Revise the Counsel Law

When Whitewater independent counsel Kenneth Starr veered to investigate allegations of a sexual relationship between President Clinton and a former White House intern, he kicked up a storm of questions about the law underlying such counsels' authority. Does the law allow a special prosecutor too much power? Is it a "monstrosity," as some critics claim, or a bulwark to the country's constitutional system? Should it be kept as is when it comes up for reauthorization next year, revised, or junked?

"Out of control" is largely a matter of perception. Certainly it seemed a leap for Judge Starr to move from his Whitewater probe of financial dealings in Arkansas to alleged White House sexual intrigues and inducements to perjury. The independent counsel law gives him wide leeway, however, and the link between the two probes was the involvement of Clinton confidant Vernon Jordan in allegedly buying silence with jobs for both Whitewater figure and former Justice Department official Webster Hubbell and former intern Monica Lewinsky.

But the question stands, have recent special prosecutors simply been given too much freedom to roam? They have, after all, little accountability and lots of budget. Critics have asserted that the independent counsel constitutes virtually a fourth branch of government, distorting the checks and balances built into the US system.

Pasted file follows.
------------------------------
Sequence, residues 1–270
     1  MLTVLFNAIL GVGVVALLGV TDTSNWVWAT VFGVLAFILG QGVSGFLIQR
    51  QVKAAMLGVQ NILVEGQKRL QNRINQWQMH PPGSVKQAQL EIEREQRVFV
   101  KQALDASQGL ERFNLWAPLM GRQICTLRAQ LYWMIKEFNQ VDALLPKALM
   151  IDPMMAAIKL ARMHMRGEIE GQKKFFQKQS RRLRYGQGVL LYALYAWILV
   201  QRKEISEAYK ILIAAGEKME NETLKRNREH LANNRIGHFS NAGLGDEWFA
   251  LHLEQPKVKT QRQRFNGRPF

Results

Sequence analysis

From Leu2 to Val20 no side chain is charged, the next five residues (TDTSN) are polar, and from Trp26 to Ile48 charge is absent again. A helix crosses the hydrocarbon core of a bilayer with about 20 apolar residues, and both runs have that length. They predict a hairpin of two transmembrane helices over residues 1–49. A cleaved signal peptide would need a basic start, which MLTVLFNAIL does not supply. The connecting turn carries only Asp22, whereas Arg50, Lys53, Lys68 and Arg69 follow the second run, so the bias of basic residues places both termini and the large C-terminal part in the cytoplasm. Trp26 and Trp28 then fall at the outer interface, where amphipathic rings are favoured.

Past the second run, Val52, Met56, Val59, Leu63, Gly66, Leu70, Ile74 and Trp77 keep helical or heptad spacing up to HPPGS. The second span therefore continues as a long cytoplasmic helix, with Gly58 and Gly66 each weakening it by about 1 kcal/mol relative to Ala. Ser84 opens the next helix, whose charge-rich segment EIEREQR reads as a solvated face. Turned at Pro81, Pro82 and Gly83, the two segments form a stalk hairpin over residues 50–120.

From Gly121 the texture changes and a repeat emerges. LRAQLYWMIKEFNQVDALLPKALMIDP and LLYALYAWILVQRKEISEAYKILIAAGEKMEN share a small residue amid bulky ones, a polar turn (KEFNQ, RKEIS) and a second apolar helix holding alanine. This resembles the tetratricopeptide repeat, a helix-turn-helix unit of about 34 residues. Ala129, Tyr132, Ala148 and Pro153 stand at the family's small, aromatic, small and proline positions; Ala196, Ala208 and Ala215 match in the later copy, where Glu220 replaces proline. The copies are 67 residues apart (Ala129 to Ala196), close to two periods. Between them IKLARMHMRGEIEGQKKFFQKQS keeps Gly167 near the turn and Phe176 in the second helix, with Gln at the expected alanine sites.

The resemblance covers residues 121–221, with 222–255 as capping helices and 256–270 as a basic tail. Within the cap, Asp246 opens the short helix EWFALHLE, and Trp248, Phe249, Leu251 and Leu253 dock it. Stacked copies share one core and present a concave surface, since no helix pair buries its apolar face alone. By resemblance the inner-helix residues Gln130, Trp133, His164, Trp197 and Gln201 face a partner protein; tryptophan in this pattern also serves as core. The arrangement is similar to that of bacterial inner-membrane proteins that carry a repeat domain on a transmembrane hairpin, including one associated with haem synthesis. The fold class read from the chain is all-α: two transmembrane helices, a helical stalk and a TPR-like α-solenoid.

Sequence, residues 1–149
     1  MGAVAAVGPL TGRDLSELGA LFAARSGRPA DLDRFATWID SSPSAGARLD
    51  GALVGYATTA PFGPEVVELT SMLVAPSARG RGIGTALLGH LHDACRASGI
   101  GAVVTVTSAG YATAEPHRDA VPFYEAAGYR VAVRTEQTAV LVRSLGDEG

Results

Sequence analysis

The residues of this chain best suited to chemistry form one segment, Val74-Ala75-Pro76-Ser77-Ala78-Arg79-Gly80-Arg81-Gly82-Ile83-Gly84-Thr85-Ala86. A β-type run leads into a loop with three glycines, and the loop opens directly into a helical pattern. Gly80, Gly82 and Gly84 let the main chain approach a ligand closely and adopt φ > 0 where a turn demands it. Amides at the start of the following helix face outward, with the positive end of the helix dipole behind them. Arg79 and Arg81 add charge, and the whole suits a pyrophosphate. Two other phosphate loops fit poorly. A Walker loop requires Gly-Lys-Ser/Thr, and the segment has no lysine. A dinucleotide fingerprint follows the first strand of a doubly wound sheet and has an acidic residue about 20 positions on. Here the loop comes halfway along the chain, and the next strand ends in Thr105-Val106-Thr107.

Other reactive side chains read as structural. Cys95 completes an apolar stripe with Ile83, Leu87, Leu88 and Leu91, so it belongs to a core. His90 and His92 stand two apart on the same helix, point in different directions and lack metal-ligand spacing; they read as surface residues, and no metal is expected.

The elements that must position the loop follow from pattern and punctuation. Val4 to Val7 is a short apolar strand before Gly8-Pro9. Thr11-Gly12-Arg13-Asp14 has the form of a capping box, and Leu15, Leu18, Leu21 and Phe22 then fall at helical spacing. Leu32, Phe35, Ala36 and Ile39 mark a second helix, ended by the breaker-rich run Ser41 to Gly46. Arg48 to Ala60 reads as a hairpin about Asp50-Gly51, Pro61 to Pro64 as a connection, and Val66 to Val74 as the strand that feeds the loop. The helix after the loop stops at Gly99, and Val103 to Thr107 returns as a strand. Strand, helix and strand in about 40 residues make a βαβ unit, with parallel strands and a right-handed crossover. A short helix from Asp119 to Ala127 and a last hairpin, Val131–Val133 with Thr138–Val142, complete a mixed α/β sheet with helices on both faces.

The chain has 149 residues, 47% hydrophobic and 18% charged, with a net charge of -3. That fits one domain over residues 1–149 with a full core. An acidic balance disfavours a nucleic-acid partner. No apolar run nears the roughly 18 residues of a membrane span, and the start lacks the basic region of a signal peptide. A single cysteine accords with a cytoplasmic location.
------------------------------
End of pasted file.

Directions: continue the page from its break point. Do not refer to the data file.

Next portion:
If the independent counsel law didn't exist, however, what reliable means would there be of getting to the bottom of allegations of executive-branch wrongdoing? Justice Department officials inevitably fall under a credibility shadow when investigating their boss in the White House, or higher-ups in their own department.

The best answer, we believe, lies in adjusting the law. Rein in independent counsels, to a degree, but maintain their ability to probe situations that defy objective investigation by other government officials.

For instance: Limit the scope of investigations to cover matters involving only high officials in the White House and the Justice Department. Limit the jurisdiction to allegations arising from activities while an individual is in federal office. Require the counsel to obtain fresh approval for new funds at regular intervals, perhaps every two years. Build in political balance in the panel of federal judges who select independent counsels. The latter might ease some charges of partisanship.

Congress needs to act on such reforms. Otherwise, Americans are likely to feel increasingly uncomfortable with a needed, but currently unrestrained, arm of government.

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